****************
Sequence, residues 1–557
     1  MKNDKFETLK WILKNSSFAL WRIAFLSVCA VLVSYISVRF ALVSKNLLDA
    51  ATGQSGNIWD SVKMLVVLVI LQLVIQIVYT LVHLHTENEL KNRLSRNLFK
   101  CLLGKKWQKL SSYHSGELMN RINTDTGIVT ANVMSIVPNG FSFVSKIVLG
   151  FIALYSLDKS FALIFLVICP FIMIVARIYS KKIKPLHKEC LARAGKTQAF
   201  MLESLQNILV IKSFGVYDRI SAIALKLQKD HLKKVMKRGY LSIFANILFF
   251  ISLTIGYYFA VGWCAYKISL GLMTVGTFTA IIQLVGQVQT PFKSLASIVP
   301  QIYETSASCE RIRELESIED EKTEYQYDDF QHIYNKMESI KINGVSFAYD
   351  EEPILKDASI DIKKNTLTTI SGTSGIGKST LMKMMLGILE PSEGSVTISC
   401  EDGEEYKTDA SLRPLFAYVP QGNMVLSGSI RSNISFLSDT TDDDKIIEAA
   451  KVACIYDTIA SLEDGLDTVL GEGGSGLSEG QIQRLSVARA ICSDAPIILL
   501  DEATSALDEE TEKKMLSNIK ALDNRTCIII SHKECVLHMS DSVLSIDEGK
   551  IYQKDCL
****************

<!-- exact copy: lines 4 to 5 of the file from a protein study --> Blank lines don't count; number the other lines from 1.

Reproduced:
   101  CLLGKKWQKL SSYHSGELMN RINTDTGIVT ANVMSIVPNG FSFVSKIVLG
   151  FIALYSLDKS FALIFLVICP FIMIVARIYS KKIKPLHKEC LARAGKTQAF